"The software captures all the data and allows users to input a far greater level of detail - we now have 2,500 cost centres within EB - so reporting is far easier and we are able to prepare quarterly forecast models, rolling budgets and future year models looking some 24 months ahead.

"The more variance reporting we undertake, the more we understand the true cost of running different areas."

Once TechnologyOne EB was successfully rolled out, CFO Mr Colliver decided a management dashboard reporting tool was needed to extract and combine data from

Victoria University's human resources, financials and student management systems.

Members of the finance team worked for three days in Brisbane with a product specialist, after which they spent four months gathering the right data from seven different sources and building BI dashboards to meet different employees' specific needs.

TechnologyOne BI is more visual than most systems and rather than just showing lines and lines of numbers, presents data on tailored dashboards with easy-to-understand graphics to highlight areas for concern and indicate how well the user is performing against targets.

This means no time is wasted running reports or attending meetings to measure performance as users only have to log on to see exactly how they and their team are tracking. If there is an area for concern, a link will take the user to more detailed information.

Benefits from using TechnologyOne BI have already included the ability to easily assess third party payment turnover and working capital so the University can invest its funds better. Its annual 50,000 invoices can be work-flowed, approved and sent off to the correct department and data is imported from a third party credit card system.  TechnologyOne BI has provided visibility over the effectiveness of this process.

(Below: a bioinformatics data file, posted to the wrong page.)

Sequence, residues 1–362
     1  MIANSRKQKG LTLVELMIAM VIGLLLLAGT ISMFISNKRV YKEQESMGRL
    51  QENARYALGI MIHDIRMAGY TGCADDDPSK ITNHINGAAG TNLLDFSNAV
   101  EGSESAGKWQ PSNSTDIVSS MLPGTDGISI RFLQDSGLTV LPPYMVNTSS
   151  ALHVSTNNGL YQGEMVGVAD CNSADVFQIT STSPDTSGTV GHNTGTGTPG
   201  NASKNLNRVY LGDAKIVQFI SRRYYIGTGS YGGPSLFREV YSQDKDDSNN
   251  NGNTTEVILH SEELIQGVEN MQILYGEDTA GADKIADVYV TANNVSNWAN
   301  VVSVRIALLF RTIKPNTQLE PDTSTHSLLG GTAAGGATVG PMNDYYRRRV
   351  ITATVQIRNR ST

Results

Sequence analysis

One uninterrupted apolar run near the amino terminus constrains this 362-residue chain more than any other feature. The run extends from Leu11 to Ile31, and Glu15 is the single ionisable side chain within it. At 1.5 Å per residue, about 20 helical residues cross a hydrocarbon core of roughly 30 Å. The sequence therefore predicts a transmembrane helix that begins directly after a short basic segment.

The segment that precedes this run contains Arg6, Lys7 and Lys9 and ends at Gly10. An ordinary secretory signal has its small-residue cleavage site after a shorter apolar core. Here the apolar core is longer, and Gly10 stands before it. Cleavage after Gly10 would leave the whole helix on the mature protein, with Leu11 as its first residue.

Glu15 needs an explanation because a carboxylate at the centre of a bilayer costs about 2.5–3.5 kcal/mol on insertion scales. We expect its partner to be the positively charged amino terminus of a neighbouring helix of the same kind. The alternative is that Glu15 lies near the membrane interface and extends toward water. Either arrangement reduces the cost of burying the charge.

Mr Lapolla said it was now possible to see the whole University profit and loss on one dashboard in terms of actuals against forecast and access to this data could be pushed out to University managers and other employees.

"It is a huge achievement and to get it done in a few months is amazing. The outputs are positive and are still evolving, which makes the role of administering TechnologyOne BI very satisfying and motivating for my team," Mr Lapolla said.

"My advice to anyone looking to make the change from top down to bottom up budgeting and reporting using this kind of sophisticated and flexible software is to take a phased approach and ensure they have processes in place for continuous communication.

"As more employees successfully adopt the new system, we will start introducing more functions with the eventual aim of using all the tools the TechnologyOne software can offer.

"A dedicated helpdesk and training schedules have been established within the finance team and we are adding enhancements all the time."
Victoria University is already looking at implementing TechnologyOne Publisher and Performance Planning, which would complete its Corporate Performance Management (CPM) suite and help the University with strategic planning and reporting.